The Spring Data Framework: A Quick Overview
Why do we need Spring Data Framework?
Over 20 zettabytes of data are stored in our digital world, which is roughly equal to the number of stars in the physical universe. Various data sources provide this data, which can be found in both structured and unstructured forms (i.e., in the form of a database or spreadsheet). The industry’s biggest challenge is the cost of creating, capturing, storing, and managing this data. To a certain extent, the problem has been solved by a variety of software and frameworks currently available in the market. However, these frameworks continue to have problems with things like:
- Scaling in an RDBMS is almost impossible.
- Scaling it up or down either vertically or horizontally is constrained or costly.
We’ve found a workaround with NoSQL data that emerged as a quick fix with the goal of moving away from ACID to BASE (Basically Available, Scalable, Eventually Consistent). Developers working with non-relational databases have the option of using NoSQL as the right tool for the job. Aside from NoSQL, we also have Big Data, which is a dataset that is too large to be captured, stored, managed, and analyzed with traditional database software tools. Big data can range from tens of TB(Terabyte) to multiple PB(petabyte) in almost every industry (PetaByte).
As a result, the landscape of data access has shifted dramatically. There is still a place for relational databases, but they can no longer be considered a “One size fits all” answer. While the Spring Framework was great for RDBMS data access, it fell short when it came to dealing with other types of data (NoSQL and BigData). That’s why one of our main goals with this project will be to update our support for relational, non-relational, as well as Big Data technologies while still preserving store-specific functionality in Spring.
Spring Data Framework:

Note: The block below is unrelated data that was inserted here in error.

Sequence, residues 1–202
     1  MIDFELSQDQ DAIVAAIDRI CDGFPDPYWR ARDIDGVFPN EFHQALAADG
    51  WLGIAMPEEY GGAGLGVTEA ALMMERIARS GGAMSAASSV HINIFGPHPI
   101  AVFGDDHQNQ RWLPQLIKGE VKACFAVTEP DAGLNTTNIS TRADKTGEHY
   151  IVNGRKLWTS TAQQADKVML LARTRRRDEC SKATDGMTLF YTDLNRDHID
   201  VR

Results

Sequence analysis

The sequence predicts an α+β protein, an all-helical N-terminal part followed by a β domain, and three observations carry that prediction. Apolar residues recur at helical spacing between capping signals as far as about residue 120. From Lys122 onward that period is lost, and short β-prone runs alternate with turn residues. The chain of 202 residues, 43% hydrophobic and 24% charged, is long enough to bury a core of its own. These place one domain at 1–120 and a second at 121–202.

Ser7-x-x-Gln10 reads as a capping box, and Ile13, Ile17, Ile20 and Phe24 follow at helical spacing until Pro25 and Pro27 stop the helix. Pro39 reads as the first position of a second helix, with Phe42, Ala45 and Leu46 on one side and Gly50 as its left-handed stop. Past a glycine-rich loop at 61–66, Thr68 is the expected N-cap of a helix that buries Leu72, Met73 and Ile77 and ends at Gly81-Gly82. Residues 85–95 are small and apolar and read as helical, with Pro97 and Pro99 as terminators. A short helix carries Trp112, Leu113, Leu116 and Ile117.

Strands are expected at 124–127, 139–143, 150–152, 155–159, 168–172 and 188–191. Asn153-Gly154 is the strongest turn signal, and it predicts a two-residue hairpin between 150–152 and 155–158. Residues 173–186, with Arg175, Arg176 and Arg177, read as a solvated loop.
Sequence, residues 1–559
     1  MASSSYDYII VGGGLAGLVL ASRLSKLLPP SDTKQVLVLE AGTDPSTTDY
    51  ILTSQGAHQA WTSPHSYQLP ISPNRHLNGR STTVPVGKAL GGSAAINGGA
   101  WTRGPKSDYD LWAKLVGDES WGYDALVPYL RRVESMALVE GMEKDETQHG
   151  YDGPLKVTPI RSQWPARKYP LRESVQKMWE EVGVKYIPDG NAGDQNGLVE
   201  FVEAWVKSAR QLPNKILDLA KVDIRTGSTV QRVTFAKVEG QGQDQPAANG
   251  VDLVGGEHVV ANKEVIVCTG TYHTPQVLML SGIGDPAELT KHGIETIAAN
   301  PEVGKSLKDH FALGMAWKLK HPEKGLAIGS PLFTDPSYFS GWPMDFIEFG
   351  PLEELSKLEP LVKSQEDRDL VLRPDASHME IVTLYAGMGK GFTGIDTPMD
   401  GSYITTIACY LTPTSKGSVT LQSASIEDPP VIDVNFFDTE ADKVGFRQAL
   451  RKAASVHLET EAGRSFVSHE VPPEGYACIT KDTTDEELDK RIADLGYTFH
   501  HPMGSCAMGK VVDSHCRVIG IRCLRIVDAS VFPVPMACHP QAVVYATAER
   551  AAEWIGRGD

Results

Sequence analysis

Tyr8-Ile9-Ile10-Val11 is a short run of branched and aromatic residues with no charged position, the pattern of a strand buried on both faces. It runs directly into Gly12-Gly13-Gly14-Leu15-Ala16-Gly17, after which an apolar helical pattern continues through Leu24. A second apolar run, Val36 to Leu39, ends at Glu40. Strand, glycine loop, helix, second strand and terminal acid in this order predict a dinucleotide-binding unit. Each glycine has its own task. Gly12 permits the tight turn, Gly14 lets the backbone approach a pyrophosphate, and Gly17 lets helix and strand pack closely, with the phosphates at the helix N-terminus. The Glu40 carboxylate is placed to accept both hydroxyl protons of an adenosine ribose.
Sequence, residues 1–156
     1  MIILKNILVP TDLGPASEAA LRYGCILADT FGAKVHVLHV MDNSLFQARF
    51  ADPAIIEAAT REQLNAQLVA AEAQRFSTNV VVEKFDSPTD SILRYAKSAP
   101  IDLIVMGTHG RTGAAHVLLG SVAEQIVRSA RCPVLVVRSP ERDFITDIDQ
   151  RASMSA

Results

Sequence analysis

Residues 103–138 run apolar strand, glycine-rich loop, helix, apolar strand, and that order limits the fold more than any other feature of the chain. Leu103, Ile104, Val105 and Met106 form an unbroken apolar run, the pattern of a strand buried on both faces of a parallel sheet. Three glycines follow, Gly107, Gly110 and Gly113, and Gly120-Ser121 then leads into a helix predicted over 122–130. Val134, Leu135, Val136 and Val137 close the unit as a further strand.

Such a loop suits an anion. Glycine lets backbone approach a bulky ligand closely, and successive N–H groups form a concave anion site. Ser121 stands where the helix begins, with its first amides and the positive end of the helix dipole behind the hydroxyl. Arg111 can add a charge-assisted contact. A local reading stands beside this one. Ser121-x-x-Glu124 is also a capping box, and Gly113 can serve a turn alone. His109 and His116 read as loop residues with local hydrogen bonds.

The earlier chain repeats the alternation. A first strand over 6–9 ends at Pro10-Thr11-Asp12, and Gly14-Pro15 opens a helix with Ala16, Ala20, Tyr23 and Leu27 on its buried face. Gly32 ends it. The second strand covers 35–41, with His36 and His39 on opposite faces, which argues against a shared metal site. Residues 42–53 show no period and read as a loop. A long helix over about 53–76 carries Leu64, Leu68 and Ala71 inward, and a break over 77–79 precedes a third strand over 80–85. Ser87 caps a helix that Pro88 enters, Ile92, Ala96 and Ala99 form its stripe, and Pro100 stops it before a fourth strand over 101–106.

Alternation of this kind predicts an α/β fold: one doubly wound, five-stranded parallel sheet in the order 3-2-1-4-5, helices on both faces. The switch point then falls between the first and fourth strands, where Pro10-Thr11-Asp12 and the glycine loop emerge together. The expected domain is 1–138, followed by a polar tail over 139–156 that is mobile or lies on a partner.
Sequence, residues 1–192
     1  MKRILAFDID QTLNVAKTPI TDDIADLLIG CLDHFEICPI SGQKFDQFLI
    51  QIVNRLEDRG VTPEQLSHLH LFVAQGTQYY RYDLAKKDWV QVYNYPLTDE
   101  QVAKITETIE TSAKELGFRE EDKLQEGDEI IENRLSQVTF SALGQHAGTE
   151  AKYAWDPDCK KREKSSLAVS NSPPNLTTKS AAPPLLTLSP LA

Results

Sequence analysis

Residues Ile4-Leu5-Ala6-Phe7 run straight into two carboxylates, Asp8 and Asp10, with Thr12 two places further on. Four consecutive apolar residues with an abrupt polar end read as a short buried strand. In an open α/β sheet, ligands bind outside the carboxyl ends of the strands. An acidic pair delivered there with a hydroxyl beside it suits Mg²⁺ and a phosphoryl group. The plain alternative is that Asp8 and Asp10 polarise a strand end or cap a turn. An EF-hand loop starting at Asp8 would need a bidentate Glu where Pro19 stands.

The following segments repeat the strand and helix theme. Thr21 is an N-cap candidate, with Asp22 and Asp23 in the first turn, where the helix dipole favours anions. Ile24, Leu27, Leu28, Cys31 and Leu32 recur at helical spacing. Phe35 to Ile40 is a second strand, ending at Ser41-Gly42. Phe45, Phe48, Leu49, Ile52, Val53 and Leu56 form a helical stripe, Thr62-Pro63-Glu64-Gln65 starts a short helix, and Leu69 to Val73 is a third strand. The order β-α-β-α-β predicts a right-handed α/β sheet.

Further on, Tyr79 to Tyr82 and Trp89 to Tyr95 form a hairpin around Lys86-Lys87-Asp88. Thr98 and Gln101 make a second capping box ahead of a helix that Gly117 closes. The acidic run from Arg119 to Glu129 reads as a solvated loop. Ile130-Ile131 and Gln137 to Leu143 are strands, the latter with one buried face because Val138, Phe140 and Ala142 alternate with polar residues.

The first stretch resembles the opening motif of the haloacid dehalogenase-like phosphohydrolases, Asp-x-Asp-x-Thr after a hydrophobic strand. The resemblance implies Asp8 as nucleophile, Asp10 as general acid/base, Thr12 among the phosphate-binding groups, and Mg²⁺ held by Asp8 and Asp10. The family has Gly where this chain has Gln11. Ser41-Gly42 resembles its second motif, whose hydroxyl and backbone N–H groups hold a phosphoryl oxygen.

The parent project, the Spring data framework, is made up of several smaller frameworks. All of these sub-frameworks are concerned with database-specific data access. A familiar, consistent Spring-based model should represent all data access technologies such as relational and non-relational databases, cloud technologies, or map-reduce frameworks. Spring Data is a project that aims to make NoSQL development easier for Spring developers. Following is a list of active Spring Data support technologies.
- JPA Extension
- JDBC Extension
3. Query DSL
- A separate open-source project provides type safety for query execution.
4. Big Data
- HDFS and M/R
This framework has a number of well-known and widely used modules, including:
The following are a few of the most notable Spring Data modules to date:
- Spring Data JDBC
- Spring Data JPA
- Spring Data Commons
- Spring Data REST
- Spring Data KeyValue
- Spring Data MongoDB
- Spring Data LDAP
- Spring Data Redis
- Spring Data for Apache Cassandra
- Spring Data for Apache Solr
- Spring Data for Apache Geode
- Spring Data for Pivotal GemFire
The module under development:
The R2DBC spring data module is currently being developed. The following are some of the module’s highlights:
- Support for repositories.
- Template-based resource allocation and exception translation.
- NoSQL Object/Datastore Mapping for SQL.
- Repositories-derived queries with dynamic results.
- Support for auditing that is open and transparent.
Spring Data Framework use a number of key terms and definitions, which are listed below.
Repositories – Spring Data Framework
Collection-like interface for accessing domain objects mediates data mapping layers-to-domain communication.
Make a POJO model or entity to use as a basis for your application.
Add new query methods to a repository extension’s CRUD interface (finder methods).
Create implementations for repository interfaces that are found by using the configuration options in Spring.
Implementations should be injected into your products and services.
A type-safe SQL-like query language for multiple backends, such as MongoDB, Lucence and JPA/JDO/SQL, and Java’s plain collection.
NoSQL Data Models
The most common representation of NoSQL data models is key-value pairs, with documentation typically provided as JSON or as Graphs.
Redis is a key-value store-based persistent caching framework. Features are plentiful, and it supports a wide range of data types (String, Binary, Lists, Sets, OrderedSets, HashMap, etc.). A periodic memory snapshot can be taken, and commands can be appended to a log file.
HBase: It’s a database that’s column-oriented. Columns are key-value pairs, and a row is a list of those keys and values. Column families are collections of related columns.
MongoDB is a document-oriented JSON-style database that is open-source, scalable, and high-performance. It’s regarded as one of the most feature-rich query languages for use with dynamic data. Geospatial features are included.
Graphs are a kind of data structure that can be used for a wide range of tasks. In the context of data, graphs don’t refer to charts, diagrams, or vector artwork; instead, they refer to storing data in a format similar to a graph, such as an Excel spreadsheet.
As a result, we can say that spring data is a project umbrella created to unify and simplify access to various database systems.